Some careers demand physical and mental exertion more than other jobs. When occupational hazard is part of the job summary and description, you have to screen the applicants if they are at least at the baseline of what the profession requires. For these kinds of jobs, fitness screening is a necessary assessment step to make sure that the candidates considered are physically and mentally qualified to go through the grind of training and the actual job. Otherwise, the person will harm himself at the expense of your company, institution, or academy.
Physical and mental fitness are a necessary capital and asset for a person to venture into select professions. Fitness can be different things. It can be a person’s physical capacity to perform tasks and fulfill the given conditions. Or it can be his or her intellect and mental prowess. It may just be his or her physique, overall health, or career aptitude. The profession has defined its standard of fitness, and it is for the applicants to live up to the definition. Being fit for a job means the person is capable of managing its physical, mental, and emotional toll that comes with the line of work.
We might have just described a profession or career in your department. When you posted a job opening notice, you might have been greeted with a multitude of potential candidates. Crisp resumes and recommendation letters are helpful in decision-making, but anyone can dazzle you with the perfect-looking resume. They might seem all qualified for the position, but a fit body does not lie. That is why fitness questionnaires have always been a part of the screening process for the kind of professions mentioned previously.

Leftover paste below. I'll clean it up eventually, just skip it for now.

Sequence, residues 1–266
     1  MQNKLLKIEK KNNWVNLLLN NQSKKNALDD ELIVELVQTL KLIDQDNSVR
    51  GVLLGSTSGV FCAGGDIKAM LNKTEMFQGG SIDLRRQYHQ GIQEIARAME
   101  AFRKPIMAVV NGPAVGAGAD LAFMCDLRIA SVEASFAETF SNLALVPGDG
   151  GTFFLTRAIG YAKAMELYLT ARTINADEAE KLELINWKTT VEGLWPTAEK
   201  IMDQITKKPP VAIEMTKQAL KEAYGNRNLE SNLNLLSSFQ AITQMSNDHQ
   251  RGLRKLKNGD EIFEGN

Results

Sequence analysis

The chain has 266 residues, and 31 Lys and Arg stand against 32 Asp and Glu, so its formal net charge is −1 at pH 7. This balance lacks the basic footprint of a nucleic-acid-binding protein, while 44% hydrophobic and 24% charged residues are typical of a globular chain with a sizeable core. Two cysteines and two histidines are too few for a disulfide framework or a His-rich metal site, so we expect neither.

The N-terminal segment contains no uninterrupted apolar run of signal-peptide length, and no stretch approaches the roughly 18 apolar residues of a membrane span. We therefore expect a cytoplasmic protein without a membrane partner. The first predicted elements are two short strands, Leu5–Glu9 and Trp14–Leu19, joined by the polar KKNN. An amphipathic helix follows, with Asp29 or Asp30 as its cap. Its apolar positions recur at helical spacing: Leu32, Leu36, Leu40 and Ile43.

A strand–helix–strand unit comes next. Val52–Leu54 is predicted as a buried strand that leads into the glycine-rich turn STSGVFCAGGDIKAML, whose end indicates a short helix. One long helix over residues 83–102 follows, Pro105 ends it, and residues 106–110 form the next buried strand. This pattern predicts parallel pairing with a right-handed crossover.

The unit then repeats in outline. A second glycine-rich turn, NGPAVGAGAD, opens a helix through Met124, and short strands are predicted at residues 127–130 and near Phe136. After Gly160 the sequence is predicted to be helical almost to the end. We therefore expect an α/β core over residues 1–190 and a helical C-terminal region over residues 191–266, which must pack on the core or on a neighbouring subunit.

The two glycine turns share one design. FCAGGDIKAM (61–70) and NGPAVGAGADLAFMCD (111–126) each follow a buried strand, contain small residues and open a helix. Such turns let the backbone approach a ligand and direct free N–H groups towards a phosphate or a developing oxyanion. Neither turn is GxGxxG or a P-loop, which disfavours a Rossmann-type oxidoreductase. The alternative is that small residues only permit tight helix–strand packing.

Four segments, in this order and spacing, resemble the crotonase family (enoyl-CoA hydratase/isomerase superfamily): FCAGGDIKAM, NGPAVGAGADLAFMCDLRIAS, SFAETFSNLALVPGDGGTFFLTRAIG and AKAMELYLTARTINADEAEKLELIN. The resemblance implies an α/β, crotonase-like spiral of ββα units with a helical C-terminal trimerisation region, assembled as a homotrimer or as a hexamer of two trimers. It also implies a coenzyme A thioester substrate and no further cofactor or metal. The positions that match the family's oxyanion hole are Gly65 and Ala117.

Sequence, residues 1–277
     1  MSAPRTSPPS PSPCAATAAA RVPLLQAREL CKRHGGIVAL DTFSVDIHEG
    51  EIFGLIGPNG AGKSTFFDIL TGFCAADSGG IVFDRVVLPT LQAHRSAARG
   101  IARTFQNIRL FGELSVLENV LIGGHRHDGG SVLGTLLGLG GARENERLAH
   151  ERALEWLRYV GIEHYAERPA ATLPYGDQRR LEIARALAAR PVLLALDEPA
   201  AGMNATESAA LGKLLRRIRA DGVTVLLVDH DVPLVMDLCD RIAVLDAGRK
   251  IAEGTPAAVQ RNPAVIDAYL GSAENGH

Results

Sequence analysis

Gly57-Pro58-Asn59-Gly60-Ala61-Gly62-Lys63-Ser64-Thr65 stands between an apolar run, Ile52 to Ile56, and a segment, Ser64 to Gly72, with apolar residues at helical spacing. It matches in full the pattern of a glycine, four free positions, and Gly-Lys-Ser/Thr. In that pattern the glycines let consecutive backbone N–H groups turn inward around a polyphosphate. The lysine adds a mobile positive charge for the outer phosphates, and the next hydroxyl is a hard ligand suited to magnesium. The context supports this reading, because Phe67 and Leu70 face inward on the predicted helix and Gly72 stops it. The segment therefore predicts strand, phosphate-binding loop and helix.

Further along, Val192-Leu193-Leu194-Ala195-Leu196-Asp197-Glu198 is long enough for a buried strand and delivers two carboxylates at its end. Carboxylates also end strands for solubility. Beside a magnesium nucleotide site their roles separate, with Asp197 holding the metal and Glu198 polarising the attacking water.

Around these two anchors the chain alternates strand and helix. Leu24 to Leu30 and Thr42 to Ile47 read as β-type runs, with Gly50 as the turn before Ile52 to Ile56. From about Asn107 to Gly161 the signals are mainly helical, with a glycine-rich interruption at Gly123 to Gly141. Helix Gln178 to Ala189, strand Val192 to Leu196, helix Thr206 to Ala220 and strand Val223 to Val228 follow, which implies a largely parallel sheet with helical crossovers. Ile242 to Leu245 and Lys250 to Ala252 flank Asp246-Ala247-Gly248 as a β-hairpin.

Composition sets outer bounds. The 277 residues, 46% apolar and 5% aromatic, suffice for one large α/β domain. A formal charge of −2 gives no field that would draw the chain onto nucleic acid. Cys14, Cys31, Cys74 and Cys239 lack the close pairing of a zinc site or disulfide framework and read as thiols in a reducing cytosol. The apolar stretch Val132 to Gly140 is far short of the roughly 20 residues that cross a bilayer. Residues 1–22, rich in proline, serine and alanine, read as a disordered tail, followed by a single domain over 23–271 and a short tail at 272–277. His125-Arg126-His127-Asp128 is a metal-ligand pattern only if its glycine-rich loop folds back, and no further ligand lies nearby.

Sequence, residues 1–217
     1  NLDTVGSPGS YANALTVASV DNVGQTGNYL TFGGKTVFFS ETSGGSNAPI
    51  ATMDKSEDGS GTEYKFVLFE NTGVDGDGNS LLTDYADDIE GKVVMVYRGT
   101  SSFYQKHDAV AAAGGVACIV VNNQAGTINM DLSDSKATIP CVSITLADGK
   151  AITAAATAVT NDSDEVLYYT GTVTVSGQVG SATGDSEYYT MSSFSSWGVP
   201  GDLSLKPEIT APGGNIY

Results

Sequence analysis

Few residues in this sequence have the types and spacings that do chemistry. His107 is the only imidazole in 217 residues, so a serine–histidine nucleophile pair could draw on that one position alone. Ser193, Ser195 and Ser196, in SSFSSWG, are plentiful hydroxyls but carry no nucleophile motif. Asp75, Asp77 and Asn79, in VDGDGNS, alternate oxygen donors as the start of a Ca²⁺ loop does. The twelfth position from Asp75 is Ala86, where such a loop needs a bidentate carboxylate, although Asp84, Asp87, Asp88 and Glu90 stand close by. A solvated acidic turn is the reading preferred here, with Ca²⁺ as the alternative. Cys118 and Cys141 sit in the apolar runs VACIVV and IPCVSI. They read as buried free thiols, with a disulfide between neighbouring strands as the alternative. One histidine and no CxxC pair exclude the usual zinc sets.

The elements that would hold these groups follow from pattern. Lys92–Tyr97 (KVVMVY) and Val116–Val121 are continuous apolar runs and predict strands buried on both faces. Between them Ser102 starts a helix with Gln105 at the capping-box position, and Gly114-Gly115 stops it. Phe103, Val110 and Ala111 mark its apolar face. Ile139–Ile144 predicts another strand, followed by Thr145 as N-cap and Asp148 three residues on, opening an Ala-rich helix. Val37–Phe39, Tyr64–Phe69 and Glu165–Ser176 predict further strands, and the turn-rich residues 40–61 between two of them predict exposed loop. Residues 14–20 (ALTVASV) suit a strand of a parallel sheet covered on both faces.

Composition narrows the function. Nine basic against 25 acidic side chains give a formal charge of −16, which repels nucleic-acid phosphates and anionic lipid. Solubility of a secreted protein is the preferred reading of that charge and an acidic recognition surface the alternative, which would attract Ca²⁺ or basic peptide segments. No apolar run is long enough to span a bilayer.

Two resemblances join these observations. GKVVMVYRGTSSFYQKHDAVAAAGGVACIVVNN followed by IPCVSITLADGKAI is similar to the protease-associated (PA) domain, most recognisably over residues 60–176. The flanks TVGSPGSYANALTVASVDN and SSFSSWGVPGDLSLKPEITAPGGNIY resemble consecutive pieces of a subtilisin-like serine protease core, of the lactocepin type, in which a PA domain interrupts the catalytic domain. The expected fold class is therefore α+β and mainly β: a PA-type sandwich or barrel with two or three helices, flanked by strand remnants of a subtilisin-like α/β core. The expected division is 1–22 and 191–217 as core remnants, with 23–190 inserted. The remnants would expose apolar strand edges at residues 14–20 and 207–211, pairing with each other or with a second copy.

Fitness screening helps you choose promising applicants and evaluate candidates. It measures how fit a person is. The profession’s standard may allow a certain allowance for improvement during training, but you are less likely to accept an asthmatic person for the military. Even if the person seems fit in other areas, cardiorespiratory wellness is critical in passing different endurance exams. Each candidate’s score in the fitness evaluation is compared to the baseline of what it takes to belong to the career or profession. Fitness, after all, can give light to how well the person can execute his or her job functions. Especially when the career revolves around saving lives, the person should do this to the best of his physical and mental capacity.
Overall fitness is a choreographed dance between the body and mind. You can’t have one without the other. For physically strenuous jobs, fitness means the person positively response to measures of fitness. These measures usually fall under strength, endurance, cardiorespiratory efficiency, flexibility, and body mass index. For instance, Air Force men and women are in charge of primarily protecting the country’s air space and of disaster relief and rescue missions. They have both humanitarian and combat functions. These people undergo different rigorous training and examinations to be deemed fit for the job. They may need to be issued medical certificates to prove their fitness. However, physical examination isn’t the sole measure of fitness.